If we want MICE events to become more commonplace, we need to come to a better understanding of risks, requirements and cost. Hopefully there can be agreement on these things between countries as well.
The MICE industry has taken on a hybrid form, with a mixture of online and offline means of communication. Have you had experience with the hybrid form of MICE?
The MICE event that I just attended was a hybrid event. The two keynote speakers were on the line from the USA, but 80% of the speakers and panelists were in Singapore.
There were delays due to testing. Our office was very concerned about the complexity of forms required (though on the day after I landed, Singapore switched to a rapid antigen screen).
The opportunity to interact after the sessions, in the halls or at dinner, reminded everyone of what the virtual meeting deprives us of. However, the rule in Singapore was that tables at dinner were not allowed to interact; if they saw anyone table hopping, they would actually go and ask the person to return to their designated table.
Korea has been successful until now in hosting different MICE events, but the requirements for quarantine are a major impediment to large conferences, and securing exemptions for a large number of international travelers could pose risks to the host country.
Korea is a MICE hub of Asia. In your understanding, what makes the Korean MICE industry so successful?
First, it is Korea’s graciousness, technology and support. The care that the conferences take in making Korean culture a part of symposia and providing hospitality with a Korean flair reinforces the impressions that people are getting now from the K-drama/K-pop craze.
Second, when you are traveling to a conference you want it to work seamlessly—problems (especially now) with online speakers, or with Q&A, really detract from the science. The technology here (and the people supporting it) are terrific.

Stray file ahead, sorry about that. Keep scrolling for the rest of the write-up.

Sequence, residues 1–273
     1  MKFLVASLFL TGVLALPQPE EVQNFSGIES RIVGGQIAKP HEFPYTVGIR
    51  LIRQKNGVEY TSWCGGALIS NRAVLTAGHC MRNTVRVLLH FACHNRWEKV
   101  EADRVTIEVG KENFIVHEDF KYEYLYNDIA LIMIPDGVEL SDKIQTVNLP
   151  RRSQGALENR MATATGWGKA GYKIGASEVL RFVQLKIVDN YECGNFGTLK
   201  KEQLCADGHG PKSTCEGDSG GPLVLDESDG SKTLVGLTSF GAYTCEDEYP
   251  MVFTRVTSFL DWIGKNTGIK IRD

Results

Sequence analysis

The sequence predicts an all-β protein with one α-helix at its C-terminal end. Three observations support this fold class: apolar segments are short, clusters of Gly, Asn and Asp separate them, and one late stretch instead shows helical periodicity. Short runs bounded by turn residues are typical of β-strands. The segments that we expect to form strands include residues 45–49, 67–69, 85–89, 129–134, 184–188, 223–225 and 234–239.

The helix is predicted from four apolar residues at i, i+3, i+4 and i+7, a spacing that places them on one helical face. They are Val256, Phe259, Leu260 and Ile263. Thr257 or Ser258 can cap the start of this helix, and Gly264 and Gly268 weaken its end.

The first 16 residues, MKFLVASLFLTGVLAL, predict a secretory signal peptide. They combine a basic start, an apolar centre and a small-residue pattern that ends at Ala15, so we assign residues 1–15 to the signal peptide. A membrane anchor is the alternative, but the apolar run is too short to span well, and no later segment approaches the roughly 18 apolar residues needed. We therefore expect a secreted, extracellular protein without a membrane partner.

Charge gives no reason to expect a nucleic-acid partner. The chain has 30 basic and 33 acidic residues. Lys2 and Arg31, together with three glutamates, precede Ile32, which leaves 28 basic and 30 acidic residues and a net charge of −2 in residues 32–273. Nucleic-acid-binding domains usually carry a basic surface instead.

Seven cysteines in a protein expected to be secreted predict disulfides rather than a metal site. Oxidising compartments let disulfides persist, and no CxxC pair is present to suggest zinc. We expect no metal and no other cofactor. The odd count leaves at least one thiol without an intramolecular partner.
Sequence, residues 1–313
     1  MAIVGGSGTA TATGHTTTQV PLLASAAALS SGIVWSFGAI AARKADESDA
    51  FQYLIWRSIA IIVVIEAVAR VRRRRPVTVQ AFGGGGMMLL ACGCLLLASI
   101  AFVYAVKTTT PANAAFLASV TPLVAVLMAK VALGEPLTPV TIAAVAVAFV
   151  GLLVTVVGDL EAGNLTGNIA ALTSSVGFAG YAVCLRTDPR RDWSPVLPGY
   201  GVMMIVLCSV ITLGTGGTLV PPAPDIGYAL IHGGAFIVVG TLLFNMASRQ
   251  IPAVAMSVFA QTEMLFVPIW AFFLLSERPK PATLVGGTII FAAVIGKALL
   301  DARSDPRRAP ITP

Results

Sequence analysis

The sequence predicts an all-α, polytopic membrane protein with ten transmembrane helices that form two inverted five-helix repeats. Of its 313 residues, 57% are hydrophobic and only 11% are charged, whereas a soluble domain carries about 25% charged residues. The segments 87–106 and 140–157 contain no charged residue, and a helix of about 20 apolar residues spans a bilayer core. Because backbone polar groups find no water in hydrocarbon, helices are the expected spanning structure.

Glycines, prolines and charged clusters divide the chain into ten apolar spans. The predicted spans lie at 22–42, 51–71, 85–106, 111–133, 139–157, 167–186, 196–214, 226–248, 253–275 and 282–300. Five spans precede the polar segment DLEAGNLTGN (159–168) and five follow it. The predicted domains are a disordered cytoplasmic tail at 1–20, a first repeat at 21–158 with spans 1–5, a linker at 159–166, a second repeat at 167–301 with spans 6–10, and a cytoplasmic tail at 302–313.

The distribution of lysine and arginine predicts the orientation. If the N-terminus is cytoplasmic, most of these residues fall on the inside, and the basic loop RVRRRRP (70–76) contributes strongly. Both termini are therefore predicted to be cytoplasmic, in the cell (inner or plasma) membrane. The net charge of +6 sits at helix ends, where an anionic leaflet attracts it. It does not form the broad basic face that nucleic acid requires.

Which place in Korea do you recommend to host a MICE event?
I have been to several COEX events over the past two years. They continue to be well organized, and the space is large enough that people are not packed together unsafely. I think Gangnam always offers many things to do, and additionally, it has become famous. I have also been to some nice venues outside of Seoul, for example in Busan or in Yeosu. Actually, the latter may be a little too distant. But Busan, Korea’s second-largest city, could be a good venue as it is wonderfully diverse and has much more of an “ocean” feel.
As a Korean American, how would you describe the allure of Korea?
As a fourth generation Korean American, my impressions of Korea come from visits that family members had in the '70s, '80s and '90s. Korea was poor and still struggling. I have only really known the modern and successful Korea, but it has been really fascinating as a history buff to visit places like the DMZ, or the ancient tombs in Gyeongju, or to stay at a hanok in Andong. I could spend all day walking around the National Museum or the Gyeongbokgung Palace and museum. I really would like to see Mt. Geumgangsan and Mt. Baekdusan in North Korea, and we have Hwaseong Fortress and Buyeo on the list as well. Finally, I'd like to see Okcheon—I think that is where my grandfather was born.
Finally, please share a message of hope with the MICE professionals around the world who are struggling during the pandemic.
Reopening will be a reality. But as with everything about this pandemic, we are still figuring out the best way to do it. I think we are starting to see glimmers of hope. I hope to be attending meetings all over the world soon.